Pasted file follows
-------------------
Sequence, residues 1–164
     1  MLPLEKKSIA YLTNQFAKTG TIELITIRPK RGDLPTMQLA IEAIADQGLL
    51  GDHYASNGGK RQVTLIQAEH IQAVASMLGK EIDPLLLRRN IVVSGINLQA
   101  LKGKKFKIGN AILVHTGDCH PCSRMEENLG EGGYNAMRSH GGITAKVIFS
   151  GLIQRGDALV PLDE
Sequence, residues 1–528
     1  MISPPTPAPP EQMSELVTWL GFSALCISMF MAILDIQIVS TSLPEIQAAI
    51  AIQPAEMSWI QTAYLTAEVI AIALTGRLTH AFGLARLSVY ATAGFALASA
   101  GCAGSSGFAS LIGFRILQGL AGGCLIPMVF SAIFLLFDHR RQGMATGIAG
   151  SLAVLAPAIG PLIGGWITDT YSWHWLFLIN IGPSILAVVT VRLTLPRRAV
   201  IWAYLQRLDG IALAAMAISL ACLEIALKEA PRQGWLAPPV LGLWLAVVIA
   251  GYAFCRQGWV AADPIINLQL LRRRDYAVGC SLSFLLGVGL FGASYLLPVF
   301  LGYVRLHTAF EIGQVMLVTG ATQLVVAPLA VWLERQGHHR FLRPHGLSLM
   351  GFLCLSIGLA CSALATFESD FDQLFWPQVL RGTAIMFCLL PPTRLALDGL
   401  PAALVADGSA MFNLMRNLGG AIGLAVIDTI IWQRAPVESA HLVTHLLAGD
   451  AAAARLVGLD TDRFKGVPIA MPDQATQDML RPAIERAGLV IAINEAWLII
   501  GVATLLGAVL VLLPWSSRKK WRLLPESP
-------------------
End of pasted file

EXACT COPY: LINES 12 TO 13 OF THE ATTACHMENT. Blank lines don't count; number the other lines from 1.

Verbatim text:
   251  GYAFCRQGWV AADPIINLQL LRRRDYAVGC SLSFLLGVGL FGASYLLPVF
   301  LGYVRLHTAF EIGQVMLVTG ATQLVVAPLA VWLERQGHHR FLRPHGLSLM